An Update on Fatalities Due to Venomous and Nonvenomous Animals in the United States (2008–2015)
July 2, 2019
Injuries, maiming, and fatalities from animal encounters remain an important public health issue in the United States. Humans can be harmed by animals through bites, stings, strikes, crushing, or contact. These animal-related injuries result in considerable morbidity and financial loss; annually, over 1 million emergency department visits in the United States and an estimated $2 billion have been attributed to untoward animal encounters. This burden could be lessened through application of prevention methods and sound public policy. The Centers for Disease Control and Prevention (CDC) maintains the Wide-Ranging Online Data for Epidemiologic Research (WONDER) database.3 WONDER is an online public access repository of US epidemiological mortality data, using the international classification of diseases (ICD) 10th revision to classify cause of death. This study is an update of our previous retrospective review of all nonvenomous and venomous animal related fatalities in the United States.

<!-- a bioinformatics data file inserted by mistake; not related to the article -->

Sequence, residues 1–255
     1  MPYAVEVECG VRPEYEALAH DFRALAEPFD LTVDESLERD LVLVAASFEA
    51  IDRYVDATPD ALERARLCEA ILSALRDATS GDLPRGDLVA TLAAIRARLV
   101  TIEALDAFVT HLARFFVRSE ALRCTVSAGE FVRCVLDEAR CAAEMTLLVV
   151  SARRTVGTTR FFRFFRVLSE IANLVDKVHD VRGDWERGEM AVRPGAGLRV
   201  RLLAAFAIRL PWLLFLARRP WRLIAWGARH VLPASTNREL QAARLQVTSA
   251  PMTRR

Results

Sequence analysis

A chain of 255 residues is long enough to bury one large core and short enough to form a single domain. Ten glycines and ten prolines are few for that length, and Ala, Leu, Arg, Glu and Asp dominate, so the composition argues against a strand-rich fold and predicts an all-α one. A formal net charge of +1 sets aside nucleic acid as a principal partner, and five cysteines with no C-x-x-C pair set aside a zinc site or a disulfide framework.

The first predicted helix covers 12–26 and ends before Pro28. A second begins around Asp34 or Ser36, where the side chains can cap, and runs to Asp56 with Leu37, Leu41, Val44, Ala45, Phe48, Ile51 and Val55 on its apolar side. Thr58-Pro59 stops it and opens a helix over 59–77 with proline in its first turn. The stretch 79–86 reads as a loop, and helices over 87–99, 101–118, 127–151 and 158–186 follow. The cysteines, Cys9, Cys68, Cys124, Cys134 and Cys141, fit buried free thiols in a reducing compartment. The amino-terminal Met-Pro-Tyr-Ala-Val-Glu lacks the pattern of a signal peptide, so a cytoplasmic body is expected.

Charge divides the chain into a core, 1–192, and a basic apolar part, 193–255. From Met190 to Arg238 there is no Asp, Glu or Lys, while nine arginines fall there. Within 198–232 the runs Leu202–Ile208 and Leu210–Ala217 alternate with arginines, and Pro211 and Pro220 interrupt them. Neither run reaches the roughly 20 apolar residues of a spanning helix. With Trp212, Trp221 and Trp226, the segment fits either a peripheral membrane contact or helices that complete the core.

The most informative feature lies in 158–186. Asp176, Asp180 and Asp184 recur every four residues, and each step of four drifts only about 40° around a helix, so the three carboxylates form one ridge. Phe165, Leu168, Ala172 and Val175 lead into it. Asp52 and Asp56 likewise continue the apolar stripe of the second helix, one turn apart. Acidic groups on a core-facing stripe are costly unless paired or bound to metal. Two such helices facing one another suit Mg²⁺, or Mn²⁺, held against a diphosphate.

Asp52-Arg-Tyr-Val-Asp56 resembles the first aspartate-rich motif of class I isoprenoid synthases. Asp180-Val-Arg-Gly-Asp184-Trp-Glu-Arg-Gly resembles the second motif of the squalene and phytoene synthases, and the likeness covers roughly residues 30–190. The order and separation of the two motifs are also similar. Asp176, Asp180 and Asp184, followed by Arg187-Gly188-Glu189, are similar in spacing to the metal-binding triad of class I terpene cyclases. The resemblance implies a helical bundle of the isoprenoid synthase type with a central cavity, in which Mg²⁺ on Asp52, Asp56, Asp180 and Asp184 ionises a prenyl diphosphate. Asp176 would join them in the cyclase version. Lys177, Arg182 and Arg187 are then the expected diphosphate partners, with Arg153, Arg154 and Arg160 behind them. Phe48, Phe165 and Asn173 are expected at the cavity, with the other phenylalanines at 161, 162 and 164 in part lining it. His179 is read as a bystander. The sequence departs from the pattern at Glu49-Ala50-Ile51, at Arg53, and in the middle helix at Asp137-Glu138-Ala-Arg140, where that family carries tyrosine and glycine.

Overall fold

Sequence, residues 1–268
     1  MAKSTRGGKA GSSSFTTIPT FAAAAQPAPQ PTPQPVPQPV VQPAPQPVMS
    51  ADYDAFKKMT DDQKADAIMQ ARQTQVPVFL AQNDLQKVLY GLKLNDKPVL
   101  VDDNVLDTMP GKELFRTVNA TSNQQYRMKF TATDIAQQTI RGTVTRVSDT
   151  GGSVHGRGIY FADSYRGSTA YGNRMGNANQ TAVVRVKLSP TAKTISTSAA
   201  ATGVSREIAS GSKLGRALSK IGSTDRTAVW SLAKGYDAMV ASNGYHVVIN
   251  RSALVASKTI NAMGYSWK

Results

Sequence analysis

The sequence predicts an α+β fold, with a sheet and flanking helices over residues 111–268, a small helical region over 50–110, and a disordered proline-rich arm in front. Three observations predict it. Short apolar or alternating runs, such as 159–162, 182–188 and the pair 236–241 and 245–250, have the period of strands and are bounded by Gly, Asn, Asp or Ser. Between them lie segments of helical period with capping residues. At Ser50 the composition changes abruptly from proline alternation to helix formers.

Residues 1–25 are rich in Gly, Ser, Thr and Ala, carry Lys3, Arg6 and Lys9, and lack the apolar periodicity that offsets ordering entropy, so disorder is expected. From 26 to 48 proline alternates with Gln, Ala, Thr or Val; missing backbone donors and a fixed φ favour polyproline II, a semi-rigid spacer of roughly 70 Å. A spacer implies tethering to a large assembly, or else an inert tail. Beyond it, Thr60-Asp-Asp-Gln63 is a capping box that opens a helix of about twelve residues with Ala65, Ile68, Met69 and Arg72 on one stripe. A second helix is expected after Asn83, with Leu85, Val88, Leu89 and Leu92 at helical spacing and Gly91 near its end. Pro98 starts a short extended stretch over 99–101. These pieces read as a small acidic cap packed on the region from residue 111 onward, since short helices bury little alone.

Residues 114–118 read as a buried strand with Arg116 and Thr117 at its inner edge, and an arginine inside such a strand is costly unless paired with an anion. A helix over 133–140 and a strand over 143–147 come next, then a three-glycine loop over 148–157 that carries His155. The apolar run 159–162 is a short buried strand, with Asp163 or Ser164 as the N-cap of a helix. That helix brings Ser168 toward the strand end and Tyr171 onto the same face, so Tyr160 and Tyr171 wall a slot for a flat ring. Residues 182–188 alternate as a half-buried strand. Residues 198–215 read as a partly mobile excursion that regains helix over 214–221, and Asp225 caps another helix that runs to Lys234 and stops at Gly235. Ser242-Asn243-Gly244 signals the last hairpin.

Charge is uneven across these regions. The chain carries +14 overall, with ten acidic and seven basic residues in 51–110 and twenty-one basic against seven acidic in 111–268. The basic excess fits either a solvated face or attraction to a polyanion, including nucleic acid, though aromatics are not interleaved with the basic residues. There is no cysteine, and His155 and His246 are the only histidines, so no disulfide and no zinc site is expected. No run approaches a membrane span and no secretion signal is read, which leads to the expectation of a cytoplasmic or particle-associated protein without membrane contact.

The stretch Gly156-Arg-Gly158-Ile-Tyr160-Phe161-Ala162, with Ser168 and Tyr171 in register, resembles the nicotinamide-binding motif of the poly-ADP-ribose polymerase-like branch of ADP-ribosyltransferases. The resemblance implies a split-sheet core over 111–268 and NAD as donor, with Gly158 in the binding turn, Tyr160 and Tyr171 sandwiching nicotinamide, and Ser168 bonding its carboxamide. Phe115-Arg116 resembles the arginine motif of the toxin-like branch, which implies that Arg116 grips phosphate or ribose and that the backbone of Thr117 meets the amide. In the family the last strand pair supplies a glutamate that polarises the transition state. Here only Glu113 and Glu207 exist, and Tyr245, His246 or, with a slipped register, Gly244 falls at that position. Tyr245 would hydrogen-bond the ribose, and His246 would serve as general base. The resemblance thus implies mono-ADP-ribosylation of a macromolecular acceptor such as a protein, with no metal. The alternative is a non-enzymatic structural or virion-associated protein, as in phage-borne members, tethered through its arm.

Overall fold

Author(s): Jared A. Forrester, MD; Thomas G. Weiser, MD MPH; Joseph D. Forrester, MD, MSc